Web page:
• Shortness of breath
  • Cough3

Trametinib frequently causes a fever. Occasionally, a fever can be serious, if it causes dehydration, low blood pressure, dizziness, or kidney problems. Tell your doctor right away if you experience a fever with trametinib.3

Trametinib can cause serious skin reactions, like a rash. Call your doctor if you have any signs of skin reactions, including:

  • A rash or redness that bothers you or doesn’t go away
  • Acne
  • Redness, swelling, peeling, or tenderness of the hands or feet3

Trametinib can cause increased blood sugar (hyperglycemia). If you have diabetes, you will need to check your blood sugar levels closely, as trametinib may worsen your diabetes. Call your doctor if you have any signs of severe high blood sugar, including:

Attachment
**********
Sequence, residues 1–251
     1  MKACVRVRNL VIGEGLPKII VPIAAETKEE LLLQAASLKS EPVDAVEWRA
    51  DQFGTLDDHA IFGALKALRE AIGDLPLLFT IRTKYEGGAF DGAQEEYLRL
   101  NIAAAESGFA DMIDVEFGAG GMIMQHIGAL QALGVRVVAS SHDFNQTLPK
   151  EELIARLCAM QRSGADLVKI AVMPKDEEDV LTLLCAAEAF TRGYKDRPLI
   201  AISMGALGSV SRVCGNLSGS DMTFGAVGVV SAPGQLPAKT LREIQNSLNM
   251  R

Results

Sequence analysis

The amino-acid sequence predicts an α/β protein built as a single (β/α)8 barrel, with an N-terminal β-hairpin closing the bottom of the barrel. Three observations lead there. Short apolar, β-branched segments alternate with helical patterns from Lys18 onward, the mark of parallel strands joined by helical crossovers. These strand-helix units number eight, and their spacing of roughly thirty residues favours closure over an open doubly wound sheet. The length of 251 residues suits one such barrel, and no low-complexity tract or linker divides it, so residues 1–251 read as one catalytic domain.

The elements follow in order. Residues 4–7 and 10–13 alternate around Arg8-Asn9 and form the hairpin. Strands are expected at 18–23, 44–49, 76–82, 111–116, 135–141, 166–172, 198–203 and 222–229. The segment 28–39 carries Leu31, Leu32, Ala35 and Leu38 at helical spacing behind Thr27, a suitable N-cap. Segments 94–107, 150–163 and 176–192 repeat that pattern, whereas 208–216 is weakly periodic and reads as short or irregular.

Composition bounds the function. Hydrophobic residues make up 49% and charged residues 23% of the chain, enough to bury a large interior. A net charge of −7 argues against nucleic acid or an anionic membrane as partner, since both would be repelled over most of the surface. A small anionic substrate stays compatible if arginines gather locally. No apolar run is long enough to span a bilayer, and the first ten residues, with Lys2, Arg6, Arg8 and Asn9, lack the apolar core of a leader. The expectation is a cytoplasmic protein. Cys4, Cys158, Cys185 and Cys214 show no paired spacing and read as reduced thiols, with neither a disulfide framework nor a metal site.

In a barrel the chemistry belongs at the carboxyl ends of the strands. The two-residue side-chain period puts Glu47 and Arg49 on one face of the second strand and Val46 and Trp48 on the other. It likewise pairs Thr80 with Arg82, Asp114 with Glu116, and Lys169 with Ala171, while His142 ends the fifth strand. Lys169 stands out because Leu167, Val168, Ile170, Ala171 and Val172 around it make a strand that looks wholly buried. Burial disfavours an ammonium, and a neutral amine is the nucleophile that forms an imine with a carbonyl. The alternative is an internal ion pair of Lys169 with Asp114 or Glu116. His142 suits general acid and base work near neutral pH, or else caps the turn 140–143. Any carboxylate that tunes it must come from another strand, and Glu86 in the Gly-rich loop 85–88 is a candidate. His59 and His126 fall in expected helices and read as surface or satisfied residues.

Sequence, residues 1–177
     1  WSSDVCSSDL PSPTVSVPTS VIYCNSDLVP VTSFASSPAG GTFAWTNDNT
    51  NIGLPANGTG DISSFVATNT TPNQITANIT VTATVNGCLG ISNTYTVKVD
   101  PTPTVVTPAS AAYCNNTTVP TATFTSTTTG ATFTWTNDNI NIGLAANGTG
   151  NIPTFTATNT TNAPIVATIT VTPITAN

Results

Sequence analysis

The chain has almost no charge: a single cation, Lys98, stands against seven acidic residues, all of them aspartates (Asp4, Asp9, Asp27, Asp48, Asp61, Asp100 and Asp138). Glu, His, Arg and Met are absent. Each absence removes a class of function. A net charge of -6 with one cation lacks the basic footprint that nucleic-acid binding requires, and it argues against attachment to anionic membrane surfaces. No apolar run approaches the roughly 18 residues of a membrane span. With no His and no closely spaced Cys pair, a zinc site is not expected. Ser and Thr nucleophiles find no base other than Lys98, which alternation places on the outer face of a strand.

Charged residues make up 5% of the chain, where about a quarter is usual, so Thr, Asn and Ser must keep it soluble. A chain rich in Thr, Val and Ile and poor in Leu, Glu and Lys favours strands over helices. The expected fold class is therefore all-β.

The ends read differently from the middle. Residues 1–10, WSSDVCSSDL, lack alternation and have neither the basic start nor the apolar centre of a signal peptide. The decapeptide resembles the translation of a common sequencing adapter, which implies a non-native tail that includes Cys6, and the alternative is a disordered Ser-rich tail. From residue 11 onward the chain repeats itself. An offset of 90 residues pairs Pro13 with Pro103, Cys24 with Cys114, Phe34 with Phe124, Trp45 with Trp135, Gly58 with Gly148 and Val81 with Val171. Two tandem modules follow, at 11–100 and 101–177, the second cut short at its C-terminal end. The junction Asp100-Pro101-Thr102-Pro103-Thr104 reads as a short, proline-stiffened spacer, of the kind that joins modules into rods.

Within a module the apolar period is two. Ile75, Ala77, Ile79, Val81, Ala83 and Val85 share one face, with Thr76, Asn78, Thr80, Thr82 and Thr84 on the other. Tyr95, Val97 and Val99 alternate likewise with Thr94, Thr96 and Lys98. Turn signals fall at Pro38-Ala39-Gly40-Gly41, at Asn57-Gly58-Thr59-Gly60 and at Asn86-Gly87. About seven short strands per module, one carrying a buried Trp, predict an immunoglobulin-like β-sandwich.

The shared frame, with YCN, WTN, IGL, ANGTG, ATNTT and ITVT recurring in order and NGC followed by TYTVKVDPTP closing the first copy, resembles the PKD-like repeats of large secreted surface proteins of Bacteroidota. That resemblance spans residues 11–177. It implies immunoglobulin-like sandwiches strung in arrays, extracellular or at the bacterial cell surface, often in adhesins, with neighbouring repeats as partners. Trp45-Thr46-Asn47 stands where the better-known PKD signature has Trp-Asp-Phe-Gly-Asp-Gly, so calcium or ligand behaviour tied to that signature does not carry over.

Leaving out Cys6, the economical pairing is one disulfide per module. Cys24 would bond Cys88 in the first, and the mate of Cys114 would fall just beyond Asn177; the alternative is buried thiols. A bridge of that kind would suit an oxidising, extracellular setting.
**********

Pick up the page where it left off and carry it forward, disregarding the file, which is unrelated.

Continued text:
• Increased thirst
  • Urinating more frequently or urinating an increased amount of urine3

The most common side effects experienced by NSCLC patients in clinical trials taking trametinib in combination with dabrafenib include:

  • Fever
  • Fatigue
  • Nausea
  • Vomiting
  • Diarrhea
  • Dry skin
  • Decreased appetite
  • Rash
  • Swelling of face, arms, and legs
  • Chills
  • Bleeding
  • Cough
  • Shortness of breath3

Trametinib can cause or worsen high blood pressure (hypertension). People taking trametinib should have their blood pressure checked frequently during treatment. Call your doctor if you develop high blood pressure, if your blood pressure worsens, or if you have severe headache, lightheadedness, or feel dizzy.3